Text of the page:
Røed’s perspective was complemented by a presentation by an artist who did not construct a memorial herself. Delivering a talk called “Practical Transparency,” Marianne Heier, an artist from Oslo, spoke about her role as head of the committee for 3RW’s “The Clearing.” She was responsible for working directly with the AUF party to select and manage a winning project from an architectural team. Heier stated that “The Clearing,” located at the scene of the crime, was never intended as an artwork but rather as a space of contemplation. “It is obviously a very different task to build a memorial on Utøya than to build one on land at Sørbråten, like the national memorial close by,” she said. “We saw these two memorials as fulfilling each other, covering different functions and needs in the aftermath of the terrorist attack of July 22.” As opposed to Dahlberg’s state-sponsored piece, “The Clearing” was considered apolitical, “placed where the attack happened, accessible to everyone but built on private land on the island.”
“The Clearing” received a small state-appointed budget, but it was barely enough to cover the construction costs. So Heier suggested that AUF supplement it by appealing directly to the state public art agency, KORO. With the assistance of actor Ole Skjelbred, she proceeded to read a series of confusing emails, exchanged over several months, between herself and a KORO representative. KORO originally disclosed to Heier, off the record, that the funding she sought had been approved by the artistic committee. The decision then appeared to be reversed, with the emails suggesting that there was pressure from within the organization to deny the request for “The Clearing” because of problems that KORO had encountered with the construction of “Memory Wound.” All monuments seemed to be put on hold due to the state’s concern over a potential lawsuit by locals to stop Dahlberg’s memorial. Heier and Skjelbred’s dialogue became increasingly absurdist, until it finally concluded on a positive note: KORO awarded the money, and “The Clearing” was built.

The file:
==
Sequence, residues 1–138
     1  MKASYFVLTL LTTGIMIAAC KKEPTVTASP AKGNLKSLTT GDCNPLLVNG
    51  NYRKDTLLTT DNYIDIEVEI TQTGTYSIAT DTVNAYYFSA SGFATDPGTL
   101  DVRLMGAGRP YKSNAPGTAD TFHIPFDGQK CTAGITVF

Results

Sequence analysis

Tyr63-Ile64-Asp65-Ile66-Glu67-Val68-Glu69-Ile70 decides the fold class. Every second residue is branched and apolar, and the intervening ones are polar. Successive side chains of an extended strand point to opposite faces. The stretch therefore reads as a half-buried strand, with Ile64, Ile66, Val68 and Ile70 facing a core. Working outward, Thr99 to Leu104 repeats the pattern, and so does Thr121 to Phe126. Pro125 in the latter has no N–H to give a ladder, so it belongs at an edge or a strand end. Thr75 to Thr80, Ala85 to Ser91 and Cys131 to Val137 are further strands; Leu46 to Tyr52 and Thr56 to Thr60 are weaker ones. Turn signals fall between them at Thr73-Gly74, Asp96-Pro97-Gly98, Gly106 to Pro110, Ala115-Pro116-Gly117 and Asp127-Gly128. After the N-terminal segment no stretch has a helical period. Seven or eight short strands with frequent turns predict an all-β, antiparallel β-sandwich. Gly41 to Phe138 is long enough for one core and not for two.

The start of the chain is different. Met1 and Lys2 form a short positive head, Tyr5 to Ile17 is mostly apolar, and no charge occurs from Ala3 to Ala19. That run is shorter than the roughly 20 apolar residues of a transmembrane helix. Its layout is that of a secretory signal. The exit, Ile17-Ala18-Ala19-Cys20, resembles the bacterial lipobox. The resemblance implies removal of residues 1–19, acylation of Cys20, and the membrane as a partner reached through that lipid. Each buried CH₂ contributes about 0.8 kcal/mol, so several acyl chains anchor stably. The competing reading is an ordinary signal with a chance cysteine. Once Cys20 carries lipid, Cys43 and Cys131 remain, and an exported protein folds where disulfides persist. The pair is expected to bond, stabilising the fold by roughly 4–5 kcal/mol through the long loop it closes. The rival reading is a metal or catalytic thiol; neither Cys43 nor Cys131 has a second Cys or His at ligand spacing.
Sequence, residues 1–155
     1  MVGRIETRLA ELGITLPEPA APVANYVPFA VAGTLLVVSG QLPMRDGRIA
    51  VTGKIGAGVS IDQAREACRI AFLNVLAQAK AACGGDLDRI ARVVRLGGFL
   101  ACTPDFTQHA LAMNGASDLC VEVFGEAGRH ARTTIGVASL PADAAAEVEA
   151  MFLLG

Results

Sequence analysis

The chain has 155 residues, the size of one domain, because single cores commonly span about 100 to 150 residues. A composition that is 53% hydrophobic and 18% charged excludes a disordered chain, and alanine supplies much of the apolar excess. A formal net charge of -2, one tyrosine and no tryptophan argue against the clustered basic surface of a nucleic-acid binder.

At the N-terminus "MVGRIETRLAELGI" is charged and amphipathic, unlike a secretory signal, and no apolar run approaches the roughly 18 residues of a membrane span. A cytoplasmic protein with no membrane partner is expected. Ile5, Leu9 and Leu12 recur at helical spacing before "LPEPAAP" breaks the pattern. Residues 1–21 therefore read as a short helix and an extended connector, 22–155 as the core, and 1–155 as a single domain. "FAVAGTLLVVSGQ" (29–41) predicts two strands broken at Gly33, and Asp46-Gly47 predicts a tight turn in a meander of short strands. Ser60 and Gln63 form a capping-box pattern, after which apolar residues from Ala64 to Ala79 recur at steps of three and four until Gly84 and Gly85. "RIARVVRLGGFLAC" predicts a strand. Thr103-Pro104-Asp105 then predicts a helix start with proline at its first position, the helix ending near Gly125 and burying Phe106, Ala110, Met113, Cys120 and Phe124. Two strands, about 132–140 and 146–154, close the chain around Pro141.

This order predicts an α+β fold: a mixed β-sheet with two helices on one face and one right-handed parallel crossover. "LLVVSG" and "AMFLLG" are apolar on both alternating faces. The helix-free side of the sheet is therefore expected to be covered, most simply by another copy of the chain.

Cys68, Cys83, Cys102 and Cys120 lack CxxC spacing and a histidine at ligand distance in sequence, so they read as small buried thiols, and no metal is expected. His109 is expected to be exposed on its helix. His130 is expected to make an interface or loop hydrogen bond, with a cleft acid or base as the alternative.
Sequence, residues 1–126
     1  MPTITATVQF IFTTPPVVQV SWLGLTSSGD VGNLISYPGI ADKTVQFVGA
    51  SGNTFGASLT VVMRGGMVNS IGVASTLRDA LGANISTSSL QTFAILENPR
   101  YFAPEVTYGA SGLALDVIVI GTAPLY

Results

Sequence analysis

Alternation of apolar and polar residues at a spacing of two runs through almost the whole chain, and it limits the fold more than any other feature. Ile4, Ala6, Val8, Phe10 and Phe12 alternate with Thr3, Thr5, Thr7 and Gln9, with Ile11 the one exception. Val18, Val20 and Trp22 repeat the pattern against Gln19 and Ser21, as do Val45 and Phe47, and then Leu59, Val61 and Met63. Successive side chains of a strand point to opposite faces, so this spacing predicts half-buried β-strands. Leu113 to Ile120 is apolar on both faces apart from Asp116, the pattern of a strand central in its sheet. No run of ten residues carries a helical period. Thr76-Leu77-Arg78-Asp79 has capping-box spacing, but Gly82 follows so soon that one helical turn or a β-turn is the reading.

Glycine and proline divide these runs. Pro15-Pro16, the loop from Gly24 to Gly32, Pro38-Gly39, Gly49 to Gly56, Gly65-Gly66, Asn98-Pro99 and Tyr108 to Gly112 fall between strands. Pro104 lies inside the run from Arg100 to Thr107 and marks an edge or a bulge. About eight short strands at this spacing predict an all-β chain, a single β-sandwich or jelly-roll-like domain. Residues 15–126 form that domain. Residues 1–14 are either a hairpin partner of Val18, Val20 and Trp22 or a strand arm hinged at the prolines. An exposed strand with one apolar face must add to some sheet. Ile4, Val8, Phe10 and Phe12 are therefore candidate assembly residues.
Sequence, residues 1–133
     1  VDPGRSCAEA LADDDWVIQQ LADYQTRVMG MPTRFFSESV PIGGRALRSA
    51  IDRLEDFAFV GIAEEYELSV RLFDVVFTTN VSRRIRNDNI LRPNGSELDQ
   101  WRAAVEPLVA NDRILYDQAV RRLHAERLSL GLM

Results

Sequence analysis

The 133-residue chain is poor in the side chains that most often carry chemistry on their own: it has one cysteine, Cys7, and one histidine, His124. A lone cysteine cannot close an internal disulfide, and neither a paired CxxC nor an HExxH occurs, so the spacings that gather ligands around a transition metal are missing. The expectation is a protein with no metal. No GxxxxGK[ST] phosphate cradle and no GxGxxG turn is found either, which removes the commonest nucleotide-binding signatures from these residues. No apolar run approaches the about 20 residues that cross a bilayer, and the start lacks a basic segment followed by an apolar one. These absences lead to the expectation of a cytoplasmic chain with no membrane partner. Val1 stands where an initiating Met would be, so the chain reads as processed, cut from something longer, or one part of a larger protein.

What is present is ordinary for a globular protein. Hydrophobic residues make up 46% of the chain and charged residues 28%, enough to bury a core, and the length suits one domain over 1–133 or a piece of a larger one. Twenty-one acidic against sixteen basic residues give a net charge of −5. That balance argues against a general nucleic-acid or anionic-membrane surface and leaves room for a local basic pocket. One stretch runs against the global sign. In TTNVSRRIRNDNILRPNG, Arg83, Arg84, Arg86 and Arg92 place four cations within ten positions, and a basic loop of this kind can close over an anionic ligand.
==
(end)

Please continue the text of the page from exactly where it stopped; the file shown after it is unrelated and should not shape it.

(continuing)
“This exchange … shows how fragile things are when under pressure, and how easy it is to tread wrong,” Heier said. “For a moment it actually seemed that KORO, a state agency for public art, was willing to sacrifice the interests of the bereaved in order to secure political interests.”